Though little is known about how consumers understand roll-up scores such as those reported in the HealthPlus physician performance report, there is reason to believe that consumers may have particular difficulty understanding these scores. A roll-up combines multiple measures that are not necessarily related conceptually into a single score. In principle roll-up scores should make it easier to arrive at an overall evaluation by reducing the number of dimensions that people need to consider; however, consumers may have little understanding of the dimensions that are rolled up and thus little motivation to use roll-ups for decision-making.
Although our study does not provide evidence that publicly reported data on physician quality affect the quality of PCPs selected by consumers, it did identify a low-cost means of encouraging new plan members to access these data. This is an important finding given that one of the most important challenges in public reporting (at any level) has been promoting awareness of these data.17, 38–40
This finding also suggests the value of strategies directing consumers to physician quality data at a point when they are most likely to be interested in seeing it.41–42
Among those who responded to our survey, our encouragement manipulation seems to have done more than just draw them to the physician performance data—it may have led them to choose PCPs with higher ratings on member satisfaction. That encouragement appears to have influenced the quality of providers chosen by survey respondents, even when they did not access the data on physician quality, suggests that encouragement had an effect that was not dependent on viewing the intended source of quality information. It is plausible that the encouragement intervention enhanced the salience of physician quality, which might then have activated diffuse information-seeking behavior, such asking friends, family members, or colleagues for recommendations, or consulting for-profit websites (e.g., vitals.com, Angie’s List) that present information on individual providers. If so, then it is also plausible that the experiences underlying those recommendations would be predictive of patient satisfaction but not of clinical measures of quality. The encouragement effect was strongest among regular Internet users who would have had greater access to information on doctors besides what was presented in the HealthPlus directory. More research is needed to understand the mechanism or mechanisms underlying this effect.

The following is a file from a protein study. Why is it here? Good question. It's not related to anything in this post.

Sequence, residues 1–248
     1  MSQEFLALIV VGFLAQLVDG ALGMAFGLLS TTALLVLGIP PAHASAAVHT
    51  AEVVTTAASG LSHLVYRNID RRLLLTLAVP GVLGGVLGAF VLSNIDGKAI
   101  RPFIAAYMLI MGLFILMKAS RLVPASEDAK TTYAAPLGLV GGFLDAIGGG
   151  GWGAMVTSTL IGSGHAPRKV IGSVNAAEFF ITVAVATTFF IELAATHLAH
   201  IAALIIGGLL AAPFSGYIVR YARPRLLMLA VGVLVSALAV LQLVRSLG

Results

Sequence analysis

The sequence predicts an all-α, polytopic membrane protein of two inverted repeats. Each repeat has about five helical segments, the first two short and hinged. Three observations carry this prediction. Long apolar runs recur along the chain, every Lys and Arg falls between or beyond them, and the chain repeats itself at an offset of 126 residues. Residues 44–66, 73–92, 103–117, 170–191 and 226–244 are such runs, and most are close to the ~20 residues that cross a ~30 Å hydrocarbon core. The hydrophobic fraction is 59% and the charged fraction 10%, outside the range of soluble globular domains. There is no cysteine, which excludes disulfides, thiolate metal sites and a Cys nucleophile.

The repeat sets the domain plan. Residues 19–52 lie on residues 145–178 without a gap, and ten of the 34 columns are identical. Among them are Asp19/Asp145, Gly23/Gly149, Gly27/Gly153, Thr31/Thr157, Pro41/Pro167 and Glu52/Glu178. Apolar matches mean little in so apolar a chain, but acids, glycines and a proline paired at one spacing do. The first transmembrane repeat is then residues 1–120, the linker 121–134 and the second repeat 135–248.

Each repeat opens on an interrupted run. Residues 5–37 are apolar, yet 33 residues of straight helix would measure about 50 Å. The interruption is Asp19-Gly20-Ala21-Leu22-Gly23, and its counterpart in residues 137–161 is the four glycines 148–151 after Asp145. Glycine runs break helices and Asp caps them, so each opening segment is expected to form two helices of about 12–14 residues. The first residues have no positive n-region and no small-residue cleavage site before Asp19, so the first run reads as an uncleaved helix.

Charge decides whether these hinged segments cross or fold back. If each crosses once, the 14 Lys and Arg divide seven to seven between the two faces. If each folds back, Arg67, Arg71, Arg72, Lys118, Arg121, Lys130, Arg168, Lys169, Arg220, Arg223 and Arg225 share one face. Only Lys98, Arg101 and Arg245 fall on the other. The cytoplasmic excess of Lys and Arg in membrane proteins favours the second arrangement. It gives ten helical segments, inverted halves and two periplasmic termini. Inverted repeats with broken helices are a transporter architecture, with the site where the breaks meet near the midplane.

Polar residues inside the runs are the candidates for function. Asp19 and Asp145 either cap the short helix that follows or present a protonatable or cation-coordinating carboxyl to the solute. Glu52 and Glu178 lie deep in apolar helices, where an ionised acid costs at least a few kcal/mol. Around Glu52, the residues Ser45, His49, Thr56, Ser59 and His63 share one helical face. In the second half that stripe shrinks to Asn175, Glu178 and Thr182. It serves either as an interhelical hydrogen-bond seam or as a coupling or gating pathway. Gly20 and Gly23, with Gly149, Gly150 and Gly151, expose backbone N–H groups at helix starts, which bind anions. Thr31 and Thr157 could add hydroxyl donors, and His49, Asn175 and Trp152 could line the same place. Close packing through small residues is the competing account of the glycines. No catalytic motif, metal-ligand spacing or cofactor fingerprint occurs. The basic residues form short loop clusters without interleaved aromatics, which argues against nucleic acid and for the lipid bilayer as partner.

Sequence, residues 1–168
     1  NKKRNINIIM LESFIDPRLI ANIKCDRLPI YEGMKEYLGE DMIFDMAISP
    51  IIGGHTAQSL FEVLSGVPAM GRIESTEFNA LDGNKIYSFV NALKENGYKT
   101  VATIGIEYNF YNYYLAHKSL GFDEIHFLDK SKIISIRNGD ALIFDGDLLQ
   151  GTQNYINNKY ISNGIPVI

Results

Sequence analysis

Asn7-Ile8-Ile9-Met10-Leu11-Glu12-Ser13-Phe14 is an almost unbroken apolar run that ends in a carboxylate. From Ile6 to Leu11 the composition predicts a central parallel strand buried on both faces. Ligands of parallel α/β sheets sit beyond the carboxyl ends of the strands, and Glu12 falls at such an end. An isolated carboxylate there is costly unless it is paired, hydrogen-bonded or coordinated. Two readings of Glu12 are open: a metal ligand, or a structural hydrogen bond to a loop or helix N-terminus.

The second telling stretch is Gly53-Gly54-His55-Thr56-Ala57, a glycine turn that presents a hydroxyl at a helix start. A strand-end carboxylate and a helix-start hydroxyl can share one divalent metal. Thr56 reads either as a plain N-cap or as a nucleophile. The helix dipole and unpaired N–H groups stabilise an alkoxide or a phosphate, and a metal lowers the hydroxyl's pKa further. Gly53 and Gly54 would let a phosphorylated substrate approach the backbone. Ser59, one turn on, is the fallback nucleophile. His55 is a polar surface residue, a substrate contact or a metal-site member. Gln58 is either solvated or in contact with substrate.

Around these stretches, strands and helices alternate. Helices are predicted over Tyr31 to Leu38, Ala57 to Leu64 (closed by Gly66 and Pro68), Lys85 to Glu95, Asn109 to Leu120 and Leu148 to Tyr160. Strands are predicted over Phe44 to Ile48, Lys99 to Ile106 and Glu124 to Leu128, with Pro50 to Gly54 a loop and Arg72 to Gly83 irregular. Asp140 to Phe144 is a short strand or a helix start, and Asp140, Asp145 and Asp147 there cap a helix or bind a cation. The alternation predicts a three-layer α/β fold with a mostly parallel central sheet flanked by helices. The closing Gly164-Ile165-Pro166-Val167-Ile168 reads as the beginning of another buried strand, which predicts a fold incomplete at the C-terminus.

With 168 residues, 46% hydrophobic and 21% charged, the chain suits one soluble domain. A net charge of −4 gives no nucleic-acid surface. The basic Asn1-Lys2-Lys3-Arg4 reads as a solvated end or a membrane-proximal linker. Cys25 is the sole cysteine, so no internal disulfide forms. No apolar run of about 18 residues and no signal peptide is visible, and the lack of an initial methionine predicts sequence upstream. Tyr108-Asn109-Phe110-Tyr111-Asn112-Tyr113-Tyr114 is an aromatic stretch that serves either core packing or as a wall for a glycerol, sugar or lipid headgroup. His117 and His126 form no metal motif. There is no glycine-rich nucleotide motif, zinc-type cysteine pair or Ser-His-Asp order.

That the effect of encouragement on the member satisfaction (CAHPS) scores of selected PCPs was not evident among the entire study population suggests that respondents to our survey may have been a select subgroup of new enrollees. While a 51% response rate is similar to those observed in surveys of outpatient and inpatient experiences,43–44
and response rates tend to be only weakly associated with nonresponse bias in well-conducted probability samples,45
the possibility of nonresponse bias remains. We observed some evidence of demographic non-representativeness with women and older people being more likely to return a survey. These are standard patterns in survey response.46–47
We also observed that survey respondents were more likely than non-respondents to select a PCP within one year of enrolling in the health plan, suggesting that survey respondents may be a more activated group of health care consumers, in greater need of health care, or perhaps more conscientious generally. Thus, caution is warranted in making inferences about prevalence based on our sample data. Even so, our randomized encouragement design should protect us against bias in comparing across study conditions, and equal response rates across conditions suggest that there was no differential response by condition.
Our study had other important limitations. First, nearly a third of new plan members assigned to a condition of our study did not select a PCP within a year of enrollment. Though an interesting finding in its own right and not indicative of selection bias per se, it reduced the sample size available to test for effects of encouragement and exposure on quality of PCP selection. Thus, some caution is merited in interpreting non-significant results. Second, our study sample was necessarily limited to those new enrollees who did not pre-designate a PCP on their enrollment form. Many of those who pre-designate a PCP are switching plans and already have a doctor with whom they are satisfied and who is available through the new plan. Our study excludes this subset of new enrollees, though how this may affect our results is unclear. Third, information about exposure to the physician quality report was limited to participants’ self-reports about whether and when they accessed the provider directory. To the extent that participants in the encouragement condition felt compelled to report accessing the directory even if they had not, our results may be biased toward finding an effect of encouragement on this outcome. Other studies that use a similar design should consider more covert ways to collect this information. Finally, it is important to note that our model of PCP choice does not account for many of the reasons why people choose a particular PCP, including word-of-mouth reputation, availability, and location of the provider’s office.48
However, our randomized encouragement design should protect us against bias that might result from the exclusion of such factors.